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September 14, 2004

Future sounds good for Pearl

From: Shepparton News, Australia - Sep 14, 2004

By James Scurry
September 14 2004
Shepparton News

Pearl Miller's world of silence now has a brand new sound.

Born clinically deaf, it was not until early this year - after Pearl, 2, underwent surgery for a cochlear implant - that she heard her mother's voice for the first time.

"She just started crying as soon as they turned it on," her mother Sara Day said.

It is now an elated mum who gets a response from Pearl when her name is called out.

Grandfather Dwayne Atkinson, the health service coordinator at Rumbalara Medical Centre, said it was "just amazing" to see the look on Pearl's face when she heard sound for the first time.

"As soon as we got outside, a car went past with the music thumping . . . you should have seen the look on her face," Mr Atkinson said.

Ms Day said the family did not realise Pearl was deaf until she was nine months old.

Doctors at Goulburn Valley Base Hospital performed numerous tests on Pearl, including brain wave scans while she slept, to see if noise triggered a response.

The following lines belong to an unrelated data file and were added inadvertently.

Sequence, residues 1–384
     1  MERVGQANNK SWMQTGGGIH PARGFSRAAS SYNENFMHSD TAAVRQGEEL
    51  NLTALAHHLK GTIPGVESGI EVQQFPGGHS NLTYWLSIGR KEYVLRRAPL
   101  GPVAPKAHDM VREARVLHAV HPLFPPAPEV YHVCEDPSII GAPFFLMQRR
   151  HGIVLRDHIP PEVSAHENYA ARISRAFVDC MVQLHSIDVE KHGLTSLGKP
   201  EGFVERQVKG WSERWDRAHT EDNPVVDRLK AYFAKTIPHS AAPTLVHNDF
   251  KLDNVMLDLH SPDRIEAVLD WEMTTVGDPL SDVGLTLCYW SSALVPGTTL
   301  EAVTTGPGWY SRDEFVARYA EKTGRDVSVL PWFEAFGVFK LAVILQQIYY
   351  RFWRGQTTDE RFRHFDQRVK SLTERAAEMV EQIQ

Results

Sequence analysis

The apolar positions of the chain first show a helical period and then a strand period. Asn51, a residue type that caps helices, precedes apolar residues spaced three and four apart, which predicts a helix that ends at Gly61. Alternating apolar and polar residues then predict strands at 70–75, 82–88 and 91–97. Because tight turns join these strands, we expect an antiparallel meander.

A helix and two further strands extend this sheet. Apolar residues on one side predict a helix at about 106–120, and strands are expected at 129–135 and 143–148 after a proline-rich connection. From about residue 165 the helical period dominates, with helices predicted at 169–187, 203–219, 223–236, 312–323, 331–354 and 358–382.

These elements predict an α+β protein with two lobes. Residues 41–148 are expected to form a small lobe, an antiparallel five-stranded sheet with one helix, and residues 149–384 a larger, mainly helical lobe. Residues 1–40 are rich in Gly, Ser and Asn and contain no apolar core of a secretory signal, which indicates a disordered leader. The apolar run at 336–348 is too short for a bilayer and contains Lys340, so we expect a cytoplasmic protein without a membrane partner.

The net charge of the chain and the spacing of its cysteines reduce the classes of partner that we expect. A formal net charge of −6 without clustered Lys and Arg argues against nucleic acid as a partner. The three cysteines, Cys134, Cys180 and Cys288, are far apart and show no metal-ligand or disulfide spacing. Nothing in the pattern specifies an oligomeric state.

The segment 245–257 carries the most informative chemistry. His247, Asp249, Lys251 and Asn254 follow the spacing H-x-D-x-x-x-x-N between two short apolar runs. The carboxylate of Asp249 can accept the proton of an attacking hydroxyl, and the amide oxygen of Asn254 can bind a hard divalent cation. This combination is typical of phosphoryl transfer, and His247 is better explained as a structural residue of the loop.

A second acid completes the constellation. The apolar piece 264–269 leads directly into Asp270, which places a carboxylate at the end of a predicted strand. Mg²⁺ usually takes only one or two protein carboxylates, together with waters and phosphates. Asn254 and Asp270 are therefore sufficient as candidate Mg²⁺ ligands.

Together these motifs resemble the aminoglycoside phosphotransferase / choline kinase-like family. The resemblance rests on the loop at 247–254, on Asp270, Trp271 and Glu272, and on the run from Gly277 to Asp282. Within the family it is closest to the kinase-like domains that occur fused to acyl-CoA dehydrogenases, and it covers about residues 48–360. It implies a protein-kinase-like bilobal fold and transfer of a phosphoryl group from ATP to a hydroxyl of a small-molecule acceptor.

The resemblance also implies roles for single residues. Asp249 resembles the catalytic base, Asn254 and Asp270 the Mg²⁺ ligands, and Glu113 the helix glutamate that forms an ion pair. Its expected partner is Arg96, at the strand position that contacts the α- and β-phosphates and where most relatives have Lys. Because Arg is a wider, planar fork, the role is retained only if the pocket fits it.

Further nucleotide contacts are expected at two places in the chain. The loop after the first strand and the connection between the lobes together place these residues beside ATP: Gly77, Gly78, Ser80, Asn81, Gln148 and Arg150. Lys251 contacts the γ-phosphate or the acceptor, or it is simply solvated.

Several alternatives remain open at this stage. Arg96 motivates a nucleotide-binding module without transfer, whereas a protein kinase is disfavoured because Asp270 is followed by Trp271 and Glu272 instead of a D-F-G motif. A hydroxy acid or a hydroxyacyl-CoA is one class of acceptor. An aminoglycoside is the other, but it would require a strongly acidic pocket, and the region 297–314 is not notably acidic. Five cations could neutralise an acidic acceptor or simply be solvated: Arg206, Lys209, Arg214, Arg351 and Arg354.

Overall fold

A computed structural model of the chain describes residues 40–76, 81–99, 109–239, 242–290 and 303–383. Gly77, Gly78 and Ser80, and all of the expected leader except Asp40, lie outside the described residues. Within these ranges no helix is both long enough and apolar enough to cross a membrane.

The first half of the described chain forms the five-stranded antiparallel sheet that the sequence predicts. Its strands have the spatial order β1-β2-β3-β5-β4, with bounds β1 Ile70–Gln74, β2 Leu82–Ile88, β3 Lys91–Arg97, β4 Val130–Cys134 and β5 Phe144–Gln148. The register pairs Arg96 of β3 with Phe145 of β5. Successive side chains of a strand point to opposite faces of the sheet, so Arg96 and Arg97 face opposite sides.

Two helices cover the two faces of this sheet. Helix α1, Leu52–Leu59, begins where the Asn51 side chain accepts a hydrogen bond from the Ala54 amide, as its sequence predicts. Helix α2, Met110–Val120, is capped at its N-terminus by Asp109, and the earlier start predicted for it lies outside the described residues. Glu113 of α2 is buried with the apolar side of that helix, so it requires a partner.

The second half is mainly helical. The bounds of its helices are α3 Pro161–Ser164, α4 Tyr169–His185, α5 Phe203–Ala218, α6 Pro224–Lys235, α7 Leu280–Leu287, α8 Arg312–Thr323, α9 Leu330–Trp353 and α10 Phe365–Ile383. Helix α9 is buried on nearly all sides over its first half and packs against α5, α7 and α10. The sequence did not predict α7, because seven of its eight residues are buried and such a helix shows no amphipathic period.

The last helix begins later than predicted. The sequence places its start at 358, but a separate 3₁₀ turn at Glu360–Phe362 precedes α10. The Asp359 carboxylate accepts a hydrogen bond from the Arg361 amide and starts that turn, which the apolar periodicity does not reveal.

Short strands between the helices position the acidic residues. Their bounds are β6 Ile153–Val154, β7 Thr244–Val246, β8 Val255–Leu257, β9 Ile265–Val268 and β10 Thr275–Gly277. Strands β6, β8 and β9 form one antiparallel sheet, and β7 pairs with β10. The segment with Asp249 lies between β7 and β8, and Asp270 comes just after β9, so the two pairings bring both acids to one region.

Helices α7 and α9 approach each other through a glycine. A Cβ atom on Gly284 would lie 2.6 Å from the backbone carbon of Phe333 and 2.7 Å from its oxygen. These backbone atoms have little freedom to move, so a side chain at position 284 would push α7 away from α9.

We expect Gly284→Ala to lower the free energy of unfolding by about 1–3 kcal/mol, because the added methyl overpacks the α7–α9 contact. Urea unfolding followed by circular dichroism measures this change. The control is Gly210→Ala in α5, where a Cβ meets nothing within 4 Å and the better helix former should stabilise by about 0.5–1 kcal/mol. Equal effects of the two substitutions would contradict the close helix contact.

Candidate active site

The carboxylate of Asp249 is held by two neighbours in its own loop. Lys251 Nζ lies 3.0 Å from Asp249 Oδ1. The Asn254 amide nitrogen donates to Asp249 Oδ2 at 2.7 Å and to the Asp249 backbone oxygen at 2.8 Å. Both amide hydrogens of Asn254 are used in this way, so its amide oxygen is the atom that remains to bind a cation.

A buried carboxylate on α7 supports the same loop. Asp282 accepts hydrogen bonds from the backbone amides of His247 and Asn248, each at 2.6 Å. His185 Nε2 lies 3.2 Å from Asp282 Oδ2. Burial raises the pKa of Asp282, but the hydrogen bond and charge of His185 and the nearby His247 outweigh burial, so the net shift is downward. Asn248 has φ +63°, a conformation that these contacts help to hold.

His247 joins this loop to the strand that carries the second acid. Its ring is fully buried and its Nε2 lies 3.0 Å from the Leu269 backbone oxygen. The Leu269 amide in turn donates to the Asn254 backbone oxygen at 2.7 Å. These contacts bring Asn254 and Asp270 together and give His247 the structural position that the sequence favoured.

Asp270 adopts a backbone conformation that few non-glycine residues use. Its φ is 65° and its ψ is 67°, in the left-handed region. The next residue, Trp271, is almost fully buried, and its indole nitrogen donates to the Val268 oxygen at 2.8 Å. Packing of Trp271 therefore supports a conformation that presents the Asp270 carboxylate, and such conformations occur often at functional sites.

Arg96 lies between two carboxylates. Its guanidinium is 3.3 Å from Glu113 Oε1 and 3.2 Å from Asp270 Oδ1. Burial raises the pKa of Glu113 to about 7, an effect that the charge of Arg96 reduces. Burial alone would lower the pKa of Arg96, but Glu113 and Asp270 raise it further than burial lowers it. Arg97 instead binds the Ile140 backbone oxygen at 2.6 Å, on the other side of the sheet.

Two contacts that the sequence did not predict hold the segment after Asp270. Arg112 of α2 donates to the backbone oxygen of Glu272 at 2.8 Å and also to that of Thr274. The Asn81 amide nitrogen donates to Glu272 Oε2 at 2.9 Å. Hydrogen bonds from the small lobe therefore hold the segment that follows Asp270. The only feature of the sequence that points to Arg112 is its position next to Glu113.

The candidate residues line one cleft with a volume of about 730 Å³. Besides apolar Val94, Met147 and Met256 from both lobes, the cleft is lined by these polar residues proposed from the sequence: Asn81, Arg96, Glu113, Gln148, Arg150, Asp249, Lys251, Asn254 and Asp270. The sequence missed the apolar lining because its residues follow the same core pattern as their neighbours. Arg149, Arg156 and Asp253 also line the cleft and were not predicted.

"She just had no reaction . . . she didn't turn around," Ms Day said.

Rumbalara Aboriginal Cooperative regional hearing co-ordinator Sonya Briggs said Pearl was missing the passage connecting the cochlear to the eardrum - and that in her case the area was covered by bone.

Pearl now carries a small backpack containing a processor connected to a microphone in her ear, and a magnetic receiver is placed on the back of her head.

Ms Day said in total the implant cost about $35 000, which she was thankful was met by the government.

She said she struggled to make the decision to put her daughter through such a big operation.

"I knew if she didn't have it (the operation) done then she wouldn't be able to speak," Ms Day said.

Since the operation Pearl is more vocal, and she is expected to begin speaking by next year.

She attends a bilingual playgroup for deaf children and their families run fortnightly at the Monnington Centre in Melbourne's northeast.

Early learning group coordinator Linda Saunders said children were taught Auslan (Australian sign language) as well as English, and that Pearl's communication skills were progressing well.

"We'd all like to learn sign language one day," Pearl's grandmother Joanne Day said.

She said the family was close and that Pearl's journey was an emotional experience for them all.

© 2004 Shepparton News